Today I can do anything on the computer that I need to be able to do, because to type I have Dragon Naturally Speaking for voice recognition, and for the mouse I have a lip operated mouse that … It’s hard to describe, I can send you a photo. It allows me to move the mouse around on the screen with my lips, and between those two things, I can do anything that I need to be able to do on the web 10 years ago. Dragon Naturally Speaking did exist, but it was quite terrible.

I remember the training to get a new user profile set up was like a 100 hours of training. Not only that, but the training was only … It wasn’t portable, so every computer you installed it on, you had to do another 100 hours of training. It was absolutely terrible. 

I think I own all the cutting edge stuff…I’m so grateful for everything that we have, and that for me the technology has always been there to enable me to do what I wanna do.”

04

The Key Element of a Successful Blog Post

Having worked with thousands of students now, and studied millions of titles or headlines, Jon noticed the biggest factor by far is your choice of topic. And this surprises people, apparently:

“A lot of the learners, when they come in they think, ‘Well, if I write about what I wanna write about, and I write about it well enough, it will succeed.’ That’s actually not true. People are interested in what they’re interested in. And if they do not have a pre-existing interest in your topic, meaning they’re already interested in it before they ever hear about you, then it doesn’t matter how well your article is. It will not succeed.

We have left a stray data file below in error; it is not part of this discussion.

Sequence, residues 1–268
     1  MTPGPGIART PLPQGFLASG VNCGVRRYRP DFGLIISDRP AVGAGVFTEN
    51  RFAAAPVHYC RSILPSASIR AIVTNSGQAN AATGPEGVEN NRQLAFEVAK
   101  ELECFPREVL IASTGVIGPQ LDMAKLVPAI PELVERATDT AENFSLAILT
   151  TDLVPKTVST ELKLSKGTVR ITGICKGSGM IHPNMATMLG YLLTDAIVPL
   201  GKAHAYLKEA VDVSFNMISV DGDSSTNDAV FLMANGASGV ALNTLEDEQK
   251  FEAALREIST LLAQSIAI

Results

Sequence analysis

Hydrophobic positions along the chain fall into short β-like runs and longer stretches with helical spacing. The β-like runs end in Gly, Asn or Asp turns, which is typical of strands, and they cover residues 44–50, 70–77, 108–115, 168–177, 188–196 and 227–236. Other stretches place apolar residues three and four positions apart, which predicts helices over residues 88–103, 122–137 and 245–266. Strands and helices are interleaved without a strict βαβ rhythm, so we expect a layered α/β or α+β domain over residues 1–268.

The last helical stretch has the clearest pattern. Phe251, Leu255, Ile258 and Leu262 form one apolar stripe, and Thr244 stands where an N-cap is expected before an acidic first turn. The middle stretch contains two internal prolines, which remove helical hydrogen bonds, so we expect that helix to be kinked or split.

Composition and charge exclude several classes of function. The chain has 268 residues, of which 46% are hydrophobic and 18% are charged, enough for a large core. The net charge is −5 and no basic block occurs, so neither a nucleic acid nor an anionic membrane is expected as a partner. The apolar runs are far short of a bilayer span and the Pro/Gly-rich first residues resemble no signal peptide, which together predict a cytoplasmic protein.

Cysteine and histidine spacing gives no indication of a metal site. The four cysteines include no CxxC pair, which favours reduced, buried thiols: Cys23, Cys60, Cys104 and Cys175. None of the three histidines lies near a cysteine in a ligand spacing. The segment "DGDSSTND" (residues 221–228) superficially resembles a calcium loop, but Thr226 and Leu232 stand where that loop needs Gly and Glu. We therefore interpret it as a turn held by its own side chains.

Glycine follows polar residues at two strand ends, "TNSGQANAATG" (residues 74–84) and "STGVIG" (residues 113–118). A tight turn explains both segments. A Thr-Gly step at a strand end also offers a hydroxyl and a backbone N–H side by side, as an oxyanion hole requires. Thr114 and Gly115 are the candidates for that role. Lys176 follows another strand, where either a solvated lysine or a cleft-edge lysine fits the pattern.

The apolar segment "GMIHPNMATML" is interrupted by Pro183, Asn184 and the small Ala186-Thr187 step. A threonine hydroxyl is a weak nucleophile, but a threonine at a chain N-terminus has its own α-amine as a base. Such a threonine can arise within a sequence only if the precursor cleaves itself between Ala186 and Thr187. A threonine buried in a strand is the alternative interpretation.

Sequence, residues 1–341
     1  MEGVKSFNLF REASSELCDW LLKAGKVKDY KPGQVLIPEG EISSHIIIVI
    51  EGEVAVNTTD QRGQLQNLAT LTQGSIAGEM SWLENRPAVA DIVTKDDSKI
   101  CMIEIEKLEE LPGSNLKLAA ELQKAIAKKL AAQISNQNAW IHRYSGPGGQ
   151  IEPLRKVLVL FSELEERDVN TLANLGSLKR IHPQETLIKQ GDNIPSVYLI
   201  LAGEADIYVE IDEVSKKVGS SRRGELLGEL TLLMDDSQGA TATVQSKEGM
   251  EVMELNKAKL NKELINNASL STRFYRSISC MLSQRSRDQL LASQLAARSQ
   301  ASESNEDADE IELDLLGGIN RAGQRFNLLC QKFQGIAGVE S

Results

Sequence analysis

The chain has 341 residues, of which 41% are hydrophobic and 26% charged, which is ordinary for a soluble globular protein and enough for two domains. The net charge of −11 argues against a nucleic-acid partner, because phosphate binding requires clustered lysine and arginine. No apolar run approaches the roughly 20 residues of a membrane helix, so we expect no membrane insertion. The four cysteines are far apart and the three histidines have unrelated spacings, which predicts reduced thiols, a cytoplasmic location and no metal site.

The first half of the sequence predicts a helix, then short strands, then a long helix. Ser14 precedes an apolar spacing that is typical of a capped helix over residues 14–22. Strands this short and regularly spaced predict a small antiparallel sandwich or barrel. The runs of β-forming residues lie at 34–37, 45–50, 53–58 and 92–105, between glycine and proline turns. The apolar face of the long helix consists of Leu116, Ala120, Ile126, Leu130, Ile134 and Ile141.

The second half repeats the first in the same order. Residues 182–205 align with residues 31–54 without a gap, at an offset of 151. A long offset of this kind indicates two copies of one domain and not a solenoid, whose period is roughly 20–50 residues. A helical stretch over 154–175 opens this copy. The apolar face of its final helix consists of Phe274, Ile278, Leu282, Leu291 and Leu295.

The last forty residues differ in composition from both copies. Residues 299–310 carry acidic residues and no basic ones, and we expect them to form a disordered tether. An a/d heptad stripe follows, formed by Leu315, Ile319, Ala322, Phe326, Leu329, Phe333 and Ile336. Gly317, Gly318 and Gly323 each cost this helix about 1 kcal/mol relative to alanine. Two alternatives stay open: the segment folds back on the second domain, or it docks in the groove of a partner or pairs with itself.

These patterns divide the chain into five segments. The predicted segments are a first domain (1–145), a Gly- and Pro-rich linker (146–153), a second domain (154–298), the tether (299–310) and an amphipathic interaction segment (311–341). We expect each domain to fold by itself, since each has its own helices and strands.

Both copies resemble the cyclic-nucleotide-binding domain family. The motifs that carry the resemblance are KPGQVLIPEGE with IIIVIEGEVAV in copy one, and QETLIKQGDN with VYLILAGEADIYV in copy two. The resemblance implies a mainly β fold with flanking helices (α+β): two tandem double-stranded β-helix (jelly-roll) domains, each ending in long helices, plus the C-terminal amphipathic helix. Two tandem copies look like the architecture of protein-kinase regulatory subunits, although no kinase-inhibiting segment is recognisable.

What the most critical factor is, and this is what we … We have a course called Freedom Machine, where we train people how to do this. The most critical factor is just figuring out the proven interests of your audience. About what there’s evidence out there that they’re super interested in, the set of topics. And then writing mostly about those topics.”

05

The Best Thinkers Are the Best Writers

Jon’s loves the definition of writing as “a refined thought”:

“If you have sloppy thoughts, it doesn’t matter how many writing techniques you study. You really gonna struggle with your content. Writing and teaching are mostly about clarity, and organization. They’re not about cleverness, but the most important factor for having any type of successful content is that people understand exactly what you’re trying to say. If you can do that, you’re in a much better position than most of the other people on the internet.”

About the Author

Matan Naveh
Matan Naveh
Matan is Elementor's Magazine editor. Starting his career as a Radio Broadcaster, he worked as a content manager and Editor-in-Chief for over 10 years. Matan enjoys psychological horror movies and 80's Chinese restaurants.

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Comments

4 Responses

  1. God, that’s a heart touching story about Jon Morrow.

    I was least interested in knowing that he generates well over $100,000 in monthly revenue but more interested in knowing that how he has managed to get so far.

    The article sends out a clear message to all those heartbroken handicapped people that they can too make the most in their life. All that they need to do is put efforts.

  2. Jon is God sent.
    I love every piece of content on SmartBlogger.
    When i first got to know about his story a few years ago, i got the reason why me and you have alot to offer to this world.
    Jon Morrow, please keeping inspiring the world.